Past Themes for Carnival

2023 -  Television through the decades (61st Annual)

2022 -  Nature (60th Annual)

2021  -  Unofficial Carnival - no official theme - Community Led

2020  -  Holiday Rush

2019  -  Hollywood

2018  -  Carnival Rewind

2017  -  Canada 150 (55th Annual) 
2016  -  Rock n Roll
2015  -  Superhero2014  -  1980’s 
2013  -  Winter Wonderland
2012  -  True North Strong and Free (50th Annual) 
2010  -  Centennial 
2009  -  The Olympics (47th annual) 
2007  -  Disney 
2006  -  Gone Country 
2003  -  Let’s Soak Up The Sun
2002  -  Stars 
1997  -  35 years of carnival (blast from the past) 
1996  -  TVO (as it was TVOntario’s 25th anniversary and they sent Polkaroo!) (34th annual) 
1995  -  Jurassic Park 
1994  -  Polarfest 94
1993  -  Polarfest 93
1992  -  Polarfest 92
1991  -  Polarfest 91
1990  -  Polarfest
1989  -  CHIMO 89
1988  -  Olympics
1987  -  Silver Anniversary (25 years) 
1986  -  CHIMO 86
1985  -  Pioneer Days
1984  -  Carebears
1982  -  Smurfs
1980  -  Star Wars

1976  -  CHIMO 76
1974  -  Chief Commando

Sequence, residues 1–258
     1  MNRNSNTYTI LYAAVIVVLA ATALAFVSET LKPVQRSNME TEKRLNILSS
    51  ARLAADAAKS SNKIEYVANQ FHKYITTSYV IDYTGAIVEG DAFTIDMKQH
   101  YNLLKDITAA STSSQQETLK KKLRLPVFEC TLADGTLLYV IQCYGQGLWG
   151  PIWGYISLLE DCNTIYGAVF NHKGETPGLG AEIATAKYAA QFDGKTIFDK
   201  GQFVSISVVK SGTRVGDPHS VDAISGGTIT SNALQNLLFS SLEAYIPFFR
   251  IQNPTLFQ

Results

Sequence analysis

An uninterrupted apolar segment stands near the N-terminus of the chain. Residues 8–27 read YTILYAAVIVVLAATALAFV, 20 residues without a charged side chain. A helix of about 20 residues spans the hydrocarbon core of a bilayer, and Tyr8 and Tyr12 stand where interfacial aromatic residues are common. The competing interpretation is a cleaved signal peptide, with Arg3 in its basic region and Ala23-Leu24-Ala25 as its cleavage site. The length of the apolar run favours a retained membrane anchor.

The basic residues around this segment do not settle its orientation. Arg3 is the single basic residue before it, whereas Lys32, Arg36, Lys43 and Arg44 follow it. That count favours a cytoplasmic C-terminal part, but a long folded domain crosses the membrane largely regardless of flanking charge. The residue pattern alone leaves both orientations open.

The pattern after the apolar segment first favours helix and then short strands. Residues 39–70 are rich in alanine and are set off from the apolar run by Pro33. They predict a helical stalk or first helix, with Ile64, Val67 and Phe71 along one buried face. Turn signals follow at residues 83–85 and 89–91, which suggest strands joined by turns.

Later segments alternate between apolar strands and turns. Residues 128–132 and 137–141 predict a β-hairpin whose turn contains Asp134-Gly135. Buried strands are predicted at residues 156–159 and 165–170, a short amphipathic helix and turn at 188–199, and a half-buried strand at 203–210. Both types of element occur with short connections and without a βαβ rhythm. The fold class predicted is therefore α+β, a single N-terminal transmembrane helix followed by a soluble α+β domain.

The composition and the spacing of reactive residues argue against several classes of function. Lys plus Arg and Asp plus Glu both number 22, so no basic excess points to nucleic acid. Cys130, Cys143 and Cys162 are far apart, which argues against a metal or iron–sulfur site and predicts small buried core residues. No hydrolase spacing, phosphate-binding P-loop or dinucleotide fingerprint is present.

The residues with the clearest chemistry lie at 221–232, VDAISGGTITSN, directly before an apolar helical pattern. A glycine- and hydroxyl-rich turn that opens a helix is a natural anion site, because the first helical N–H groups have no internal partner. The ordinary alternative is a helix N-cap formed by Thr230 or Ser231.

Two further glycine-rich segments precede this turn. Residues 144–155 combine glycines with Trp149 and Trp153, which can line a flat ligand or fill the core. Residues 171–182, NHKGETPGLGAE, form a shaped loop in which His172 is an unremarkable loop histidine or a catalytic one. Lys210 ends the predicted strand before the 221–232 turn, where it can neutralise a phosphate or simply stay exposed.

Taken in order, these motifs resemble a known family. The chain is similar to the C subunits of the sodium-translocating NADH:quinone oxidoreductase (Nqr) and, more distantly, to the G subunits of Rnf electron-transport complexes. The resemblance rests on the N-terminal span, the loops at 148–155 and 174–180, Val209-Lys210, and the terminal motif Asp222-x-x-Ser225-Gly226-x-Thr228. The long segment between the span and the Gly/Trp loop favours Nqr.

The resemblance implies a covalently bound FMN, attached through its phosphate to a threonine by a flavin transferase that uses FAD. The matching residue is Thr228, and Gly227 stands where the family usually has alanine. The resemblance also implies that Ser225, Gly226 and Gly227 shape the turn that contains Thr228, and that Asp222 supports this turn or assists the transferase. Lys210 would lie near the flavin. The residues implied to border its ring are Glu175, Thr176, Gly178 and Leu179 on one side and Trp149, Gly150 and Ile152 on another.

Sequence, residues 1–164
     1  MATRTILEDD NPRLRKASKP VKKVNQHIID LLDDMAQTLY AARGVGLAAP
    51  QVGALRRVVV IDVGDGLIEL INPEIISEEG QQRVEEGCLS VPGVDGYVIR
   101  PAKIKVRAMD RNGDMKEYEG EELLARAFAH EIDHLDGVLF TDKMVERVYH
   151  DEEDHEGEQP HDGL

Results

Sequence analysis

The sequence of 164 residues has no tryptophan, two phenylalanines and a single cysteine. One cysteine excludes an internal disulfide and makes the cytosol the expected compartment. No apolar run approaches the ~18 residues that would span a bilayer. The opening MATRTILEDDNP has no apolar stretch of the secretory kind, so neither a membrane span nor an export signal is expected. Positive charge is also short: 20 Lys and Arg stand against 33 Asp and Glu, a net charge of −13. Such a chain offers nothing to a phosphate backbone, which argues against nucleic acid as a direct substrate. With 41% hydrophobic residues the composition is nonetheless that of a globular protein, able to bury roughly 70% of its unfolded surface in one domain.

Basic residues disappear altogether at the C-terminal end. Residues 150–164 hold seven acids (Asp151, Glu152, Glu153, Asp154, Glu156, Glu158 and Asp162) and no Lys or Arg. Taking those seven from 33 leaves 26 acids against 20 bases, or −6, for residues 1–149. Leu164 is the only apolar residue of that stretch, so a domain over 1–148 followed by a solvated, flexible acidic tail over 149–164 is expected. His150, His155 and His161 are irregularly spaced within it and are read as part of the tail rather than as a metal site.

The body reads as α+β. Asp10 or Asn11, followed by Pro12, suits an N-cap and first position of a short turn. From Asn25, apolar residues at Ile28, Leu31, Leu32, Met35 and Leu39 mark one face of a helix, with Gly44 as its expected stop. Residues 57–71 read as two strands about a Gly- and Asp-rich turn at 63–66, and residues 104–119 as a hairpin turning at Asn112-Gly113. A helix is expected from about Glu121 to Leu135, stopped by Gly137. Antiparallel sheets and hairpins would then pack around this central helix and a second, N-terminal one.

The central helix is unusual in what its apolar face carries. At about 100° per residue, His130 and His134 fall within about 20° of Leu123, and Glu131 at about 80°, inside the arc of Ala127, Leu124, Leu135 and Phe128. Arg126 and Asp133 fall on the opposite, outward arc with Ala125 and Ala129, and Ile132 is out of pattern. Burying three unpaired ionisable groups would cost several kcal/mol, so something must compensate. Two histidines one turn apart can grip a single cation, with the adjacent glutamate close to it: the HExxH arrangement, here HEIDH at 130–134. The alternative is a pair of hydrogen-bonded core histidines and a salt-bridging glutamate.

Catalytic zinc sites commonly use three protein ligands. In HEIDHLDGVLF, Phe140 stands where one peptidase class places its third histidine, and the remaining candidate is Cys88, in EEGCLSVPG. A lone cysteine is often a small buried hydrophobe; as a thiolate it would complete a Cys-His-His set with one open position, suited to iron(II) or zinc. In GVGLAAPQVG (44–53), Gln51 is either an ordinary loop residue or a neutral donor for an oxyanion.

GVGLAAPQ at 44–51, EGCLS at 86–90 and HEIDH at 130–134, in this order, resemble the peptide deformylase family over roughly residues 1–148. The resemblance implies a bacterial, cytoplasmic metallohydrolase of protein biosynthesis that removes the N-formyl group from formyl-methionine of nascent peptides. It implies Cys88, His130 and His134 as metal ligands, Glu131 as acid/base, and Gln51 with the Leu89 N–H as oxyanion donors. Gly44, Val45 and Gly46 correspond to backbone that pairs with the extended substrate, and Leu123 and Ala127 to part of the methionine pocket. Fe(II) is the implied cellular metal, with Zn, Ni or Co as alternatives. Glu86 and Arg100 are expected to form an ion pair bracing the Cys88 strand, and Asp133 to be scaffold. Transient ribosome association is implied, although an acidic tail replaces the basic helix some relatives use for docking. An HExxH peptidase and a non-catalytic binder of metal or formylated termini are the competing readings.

1972  -  CHIMO X (tenth annual) 
1971  -  Snow Carnival 
1970  -  Diamond Jubilee (1910 – 1970 for Cochrane)

The first year of the carnival technically started was February 24, 1934, and was called the Annual Winter Sports Carnival. It however, did have a break in between and come back to life in the 1960s. Carnival experienced highs and lows and multiple identity changes. 
In 1963 Chief Commando became the first symbol of carnival, and is still identified with, but in 1969 Chimo became the official symbol that is still used today. Political incorrectness was cited for this change in the history of Carnival.


Source: Cochrane Public Library Archives. Cochrane Public Library

A special thanks to Ardis Proulx-Chedore with the Cochrane Public Library, who helped gather information from the archives for this page.

Historical Photos